In my opinion, relations with Israel precipitated the change. (Other commentators I have spoken with are skeptical about this conclusion.) During the Reagan-Bush years, Religious Right leaders got VIP treatment from the right-wing Likud party leadership of Israel. The Religious Right, like Likud, favored an intransigent stand toward Muslims. When the Labor Party came to power and Yitzhak Rabin became prime minister, the peace initiative with Yasir Arafat commenced. The welcome in Israel for Religious Right leaders with their malignant prattle about blowing up the Dome of the Rock so that the Third Temple could be built and animal sacrifices resumed, cooled.
An important clue on the "700 Club" of January 7, 1994, passed unnoticed. Ralph Reed, the head of Pat Robertson's political arm, the Christian Coalition, was visiting Israel, and lobbied peripheral members of Rabin's governing Knesset coalition. Reed gleefully announced in a telephone interview that Rabin's coalition was about to split. The Rabin government would fall, and Likud would return to power, disavowing the peace agreement and bringing the peace process to a screeching halt. The implication was that Reed's lobbying was responsible for this suppositious result. (More than a year has passed without the fall of the Rabin government. This was far from the first time that a purported scoop on the "700 Club" turned out to be wrong.) My inference is that the Likud leaders found American Religious Right representatives to be useful pawns, and the former used their influence with American Jewish leaders to obtain their forbearance toward those pawns. The Labor Party, on the other hand, has found the Religious Right to be an impediment, and so is likely to have left American Jewish leaders to do what they thought was right.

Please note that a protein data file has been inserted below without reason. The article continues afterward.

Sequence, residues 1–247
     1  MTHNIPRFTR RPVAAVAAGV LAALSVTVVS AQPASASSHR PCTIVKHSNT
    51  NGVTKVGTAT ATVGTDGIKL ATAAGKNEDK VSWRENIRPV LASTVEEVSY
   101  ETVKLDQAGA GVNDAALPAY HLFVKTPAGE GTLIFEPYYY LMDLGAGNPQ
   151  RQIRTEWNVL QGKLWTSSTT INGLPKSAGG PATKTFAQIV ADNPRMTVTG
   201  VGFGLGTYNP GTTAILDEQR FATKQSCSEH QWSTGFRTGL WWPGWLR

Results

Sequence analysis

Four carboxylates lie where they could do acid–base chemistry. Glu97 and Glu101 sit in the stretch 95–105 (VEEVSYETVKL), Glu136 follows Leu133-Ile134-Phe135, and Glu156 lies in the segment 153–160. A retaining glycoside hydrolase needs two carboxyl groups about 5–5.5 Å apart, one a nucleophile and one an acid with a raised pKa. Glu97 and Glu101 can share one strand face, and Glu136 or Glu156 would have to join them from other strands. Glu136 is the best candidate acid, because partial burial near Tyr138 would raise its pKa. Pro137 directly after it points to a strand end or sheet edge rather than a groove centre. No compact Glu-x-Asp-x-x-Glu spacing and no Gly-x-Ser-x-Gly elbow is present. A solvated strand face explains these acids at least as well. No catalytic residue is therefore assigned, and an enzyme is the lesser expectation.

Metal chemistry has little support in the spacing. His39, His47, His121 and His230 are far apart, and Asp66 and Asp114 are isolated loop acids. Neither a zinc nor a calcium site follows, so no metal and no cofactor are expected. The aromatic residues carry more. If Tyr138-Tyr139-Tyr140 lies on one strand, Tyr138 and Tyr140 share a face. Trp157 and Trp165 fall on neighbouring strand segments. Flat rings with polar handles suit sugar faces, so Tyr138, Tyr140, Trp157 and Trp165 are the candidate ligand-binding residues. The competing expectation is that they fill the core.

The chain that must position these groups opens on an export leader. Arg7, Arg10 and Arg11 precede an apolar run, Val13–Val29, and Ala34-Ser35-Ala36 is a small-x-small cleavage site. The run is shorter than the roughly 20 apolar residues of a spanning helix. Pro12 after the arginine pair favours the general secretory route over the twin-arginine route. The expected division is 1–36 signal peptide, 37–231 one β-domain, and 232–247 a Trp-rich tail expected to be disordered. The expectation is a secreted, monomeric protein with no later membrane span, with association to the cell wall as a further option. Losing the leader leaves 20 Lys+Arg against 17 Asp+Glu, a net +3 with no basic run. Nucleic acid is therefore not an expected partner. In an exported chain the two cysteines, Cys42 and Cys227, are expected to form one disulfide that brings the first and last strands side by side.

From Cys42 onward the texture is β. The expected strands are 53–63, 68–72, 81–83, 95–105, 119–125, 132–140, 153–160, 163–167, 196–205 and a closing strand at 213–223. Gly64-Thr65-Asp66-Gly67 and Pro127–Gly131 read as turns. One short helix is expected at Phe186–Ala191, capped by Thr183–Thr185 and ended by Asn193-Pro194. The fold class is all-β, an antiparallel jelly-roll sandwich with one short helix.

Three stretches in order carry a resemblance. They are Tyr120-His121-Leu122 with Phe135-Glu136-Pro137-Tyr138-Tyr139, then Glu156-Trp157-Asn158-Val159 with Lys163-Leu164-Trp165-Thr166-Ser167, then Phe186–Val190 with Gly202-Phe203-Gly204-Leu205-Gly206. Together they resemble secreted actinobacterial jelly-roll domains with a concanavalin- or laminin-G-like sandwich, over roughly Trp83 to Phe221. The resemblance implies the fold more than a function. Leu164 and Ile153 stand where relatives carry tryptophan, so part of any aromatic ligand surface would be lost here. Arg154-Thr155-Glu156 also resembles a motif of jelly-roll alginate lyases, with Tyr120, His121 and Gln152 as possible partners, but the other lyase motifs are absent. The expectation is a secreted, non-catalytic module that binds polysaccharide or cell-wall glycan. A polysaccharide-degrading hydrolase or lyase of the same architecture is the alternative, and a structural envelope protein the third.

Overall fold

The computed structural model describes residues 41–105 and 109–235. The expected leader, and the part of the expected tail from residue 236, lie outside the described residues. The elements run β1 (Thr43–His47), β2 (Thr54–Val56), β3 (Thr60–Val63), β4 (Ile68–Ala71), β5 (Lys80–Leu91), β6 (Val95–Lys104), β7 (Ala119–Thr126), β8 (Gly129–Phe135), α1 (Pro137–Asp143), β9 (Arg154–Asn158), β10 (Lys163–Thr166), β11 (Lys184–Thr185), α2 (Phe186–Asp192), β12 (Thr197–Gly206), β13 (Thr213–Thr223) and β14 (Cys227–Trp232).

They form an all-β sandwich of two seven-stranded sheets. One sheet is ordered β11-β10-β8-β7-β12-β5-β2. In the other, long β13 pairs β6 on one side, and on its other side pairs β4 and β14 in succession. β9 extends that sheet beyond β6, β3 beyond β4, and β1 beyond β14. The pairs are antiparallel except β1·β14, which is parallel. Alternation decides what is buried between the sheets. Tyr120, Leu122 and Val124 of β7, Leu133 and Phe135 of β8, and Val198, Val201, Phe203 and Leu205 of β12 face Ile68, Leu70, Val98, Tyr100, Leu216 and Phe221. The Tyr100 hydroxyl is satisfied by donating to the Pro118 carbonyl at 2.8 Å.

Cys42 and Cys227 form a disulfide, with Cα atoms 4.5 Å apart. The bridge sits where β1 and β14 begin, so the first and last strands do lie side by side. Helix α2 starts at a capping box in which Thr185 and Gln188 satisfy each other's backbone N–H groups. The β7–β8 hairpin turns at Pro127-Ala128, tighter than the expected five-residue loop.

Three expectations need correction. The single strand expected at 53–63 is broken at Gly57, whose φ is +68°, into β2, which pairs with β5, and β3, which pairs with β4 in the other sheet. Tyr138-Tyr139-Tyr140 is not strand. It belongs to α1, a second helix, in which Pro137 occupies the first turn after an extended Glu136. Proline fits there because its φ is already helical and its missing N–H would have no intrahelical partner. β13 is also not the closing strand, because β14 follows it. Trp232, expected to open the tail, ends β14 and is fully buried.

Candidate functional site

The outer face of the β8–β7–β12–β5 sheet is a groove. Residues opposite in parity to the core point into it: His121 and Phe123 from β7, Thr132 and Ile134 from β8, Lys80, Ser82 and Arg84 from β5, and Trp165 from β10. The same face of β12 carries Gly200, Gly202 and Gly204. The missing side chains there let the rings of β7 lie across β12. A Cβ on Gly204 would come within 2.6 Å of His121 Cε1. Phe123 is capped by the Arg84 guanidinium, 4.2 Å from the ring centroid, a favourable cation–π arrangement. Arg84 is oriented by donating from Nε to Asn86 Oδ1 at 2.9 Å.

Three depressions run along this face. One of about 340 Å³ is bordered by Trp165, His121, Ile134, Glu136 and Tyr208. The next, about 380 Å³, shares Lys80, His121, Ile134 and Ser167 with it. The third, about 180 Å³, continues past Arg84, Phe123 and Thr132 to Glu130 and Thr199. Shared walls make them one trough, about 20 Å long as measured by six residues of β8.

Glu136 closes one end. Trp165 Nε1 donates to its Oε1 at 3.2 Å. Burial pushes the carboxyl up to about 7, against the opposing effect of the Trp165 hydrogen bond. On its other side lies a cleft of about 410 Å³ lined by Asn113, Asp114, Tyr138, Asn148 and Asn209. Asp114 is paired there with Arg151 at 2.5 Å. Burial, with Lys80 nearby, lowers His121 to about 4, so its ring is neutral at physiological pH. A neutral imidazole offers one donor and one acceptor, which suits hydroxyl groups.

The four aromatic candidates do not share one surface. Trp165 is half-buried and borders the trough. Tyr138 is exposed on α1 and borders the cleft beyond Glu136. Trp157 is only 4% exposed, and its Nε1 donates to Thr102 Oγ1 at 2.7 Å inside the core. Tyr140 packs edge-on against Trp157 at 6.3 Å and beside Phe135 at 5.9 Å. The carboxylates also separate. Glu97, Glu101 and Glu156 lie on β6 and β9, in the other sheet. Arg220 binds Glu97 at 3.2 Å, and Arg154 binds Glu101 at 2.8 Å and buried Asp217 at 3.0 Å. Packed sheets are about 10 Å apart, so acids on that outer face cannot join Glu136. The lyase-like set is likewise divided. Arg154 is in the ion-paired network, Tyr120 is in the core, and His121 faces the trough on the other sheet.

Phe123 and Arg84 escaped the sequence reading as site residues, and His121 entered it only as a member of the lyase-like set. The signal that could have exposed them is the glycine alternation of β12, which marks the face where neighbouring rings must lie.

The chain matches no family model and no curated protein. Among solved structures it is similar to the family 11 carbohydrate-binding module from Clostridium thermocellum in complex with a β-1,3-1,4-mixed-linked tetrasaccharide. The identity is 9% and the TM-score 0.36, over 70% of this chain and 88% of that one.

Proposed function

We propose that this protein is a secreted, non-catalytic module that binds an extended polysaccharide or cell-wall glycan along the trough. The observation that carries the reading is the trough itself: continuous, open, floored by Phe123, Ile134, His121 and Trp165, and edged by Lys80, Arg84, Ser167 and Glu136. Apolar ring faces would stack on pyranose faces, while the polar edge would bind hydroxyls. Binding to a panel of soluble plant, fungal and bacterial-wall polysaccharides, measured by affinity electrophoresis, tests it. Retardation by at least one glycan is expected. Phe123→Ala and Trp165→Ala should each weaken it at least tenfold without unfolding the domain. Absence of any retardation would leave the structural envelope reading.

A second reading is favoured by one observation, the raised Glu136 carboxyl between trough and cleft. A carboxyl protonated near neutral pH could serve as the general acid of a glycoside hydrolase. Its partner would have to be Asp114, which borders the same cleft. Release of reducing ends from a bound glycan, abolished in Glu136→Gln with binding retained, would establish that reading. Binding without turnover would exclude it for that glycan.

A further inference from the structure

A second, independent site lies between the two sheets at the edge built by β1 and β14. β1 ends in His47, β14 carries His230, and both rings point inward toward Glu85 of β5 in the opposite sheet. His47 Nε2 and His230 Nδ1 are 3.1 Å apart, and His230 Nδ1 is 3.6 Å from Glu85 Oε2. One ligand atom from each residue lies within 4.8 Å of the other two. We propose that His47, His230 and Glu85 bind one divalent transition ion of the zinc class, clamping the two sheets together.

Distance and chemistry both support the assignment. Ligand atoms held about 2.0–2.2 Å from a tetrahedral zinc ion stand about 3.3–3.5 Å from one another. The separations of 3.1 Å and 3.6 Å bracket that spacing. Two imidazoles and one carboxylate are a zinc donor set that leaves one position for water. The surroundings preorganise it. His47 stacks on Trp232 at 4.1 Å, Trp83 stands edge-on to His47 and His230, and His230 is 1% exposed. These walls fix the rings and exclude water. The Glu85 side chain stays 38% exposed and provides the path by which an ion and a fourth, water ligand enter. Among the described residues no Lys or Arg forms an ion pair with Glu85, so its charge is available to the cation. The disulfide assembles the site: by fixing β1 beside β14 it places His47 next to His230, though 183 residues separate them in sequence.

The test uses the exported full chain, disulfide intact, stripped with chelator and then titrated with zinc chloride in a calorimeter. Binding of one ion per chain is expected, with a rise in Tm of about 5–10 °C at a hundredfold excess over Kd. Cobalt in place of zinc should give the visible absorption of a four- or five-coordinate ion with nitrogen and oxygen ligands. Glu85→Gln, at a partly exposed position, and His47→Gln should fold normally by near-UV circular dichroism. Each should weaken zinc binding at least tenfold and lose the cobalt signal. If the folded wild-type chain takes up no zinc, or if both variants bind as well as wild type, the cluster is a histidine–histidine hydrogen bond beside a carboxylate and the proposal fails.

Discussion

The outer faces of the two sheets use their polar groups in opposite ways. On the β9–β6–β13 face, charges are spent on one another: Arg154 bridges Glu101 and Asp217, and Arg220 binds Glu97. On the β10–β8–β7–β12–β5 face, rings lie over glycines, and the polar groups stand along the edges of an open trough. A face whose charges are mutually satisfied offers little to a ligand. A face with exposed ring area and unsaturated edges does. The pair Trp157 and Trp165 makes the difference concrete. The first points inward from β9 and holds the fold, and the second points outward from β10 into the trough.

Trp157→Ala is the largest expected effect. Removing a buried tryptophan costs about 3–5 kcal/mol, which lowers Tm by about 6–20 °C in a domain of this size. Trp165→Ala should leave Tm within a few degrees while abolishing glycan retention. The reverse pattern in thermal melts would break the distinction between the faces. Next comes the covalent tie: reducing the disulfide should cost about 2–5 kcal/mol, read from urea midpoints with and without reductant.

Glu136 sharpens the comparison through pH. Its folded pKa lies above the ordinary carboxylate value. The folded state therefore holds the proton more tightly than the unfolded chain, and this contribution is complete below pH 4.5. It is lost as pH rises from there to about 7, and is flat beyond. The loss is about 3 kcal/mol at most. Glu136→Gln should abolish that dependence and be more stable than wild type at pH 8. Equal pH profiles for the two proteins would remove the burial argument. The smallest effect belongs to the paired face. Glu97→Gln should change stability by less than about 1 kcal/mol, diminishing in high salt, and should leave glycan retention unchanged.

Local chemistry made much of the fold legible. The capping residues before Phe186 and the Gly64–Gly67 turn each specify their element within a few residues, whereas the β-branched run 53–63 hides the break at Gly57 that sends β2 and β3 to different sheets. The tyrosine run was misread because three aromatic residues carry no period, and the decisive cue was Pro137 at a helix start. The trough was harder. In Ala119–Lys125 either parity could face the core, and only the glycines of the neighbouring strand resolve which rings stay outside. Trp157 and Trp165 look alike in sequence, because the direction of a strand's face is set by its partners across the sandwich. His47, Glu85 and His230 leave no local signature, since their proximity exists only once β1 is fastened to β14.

Another factor in the relationship of the Religious Right and the Jews has been Pat Robertson's 1991 book, The New World Order. Even though the book was on The New York Times bestseller list for a number of weeks, the mainstream media ignored it. But it has been conspicuously revisited in a recent issue of The New York Review of Books. The New York Review's article shows how the conspiracy theory Robertson spins out not only resembles anti-Semitic diatribes of the past, but cites some of those diatribes in its bibliography. It calls the purported conspirators by different names than the overtly anti-Semitic conspiracy theorists of yore did. Since Robertson is the prime mover of the Religious Right in the 1990s, those who make common cause with him must take some responsibility for the sheer madness of the views he has often expressed.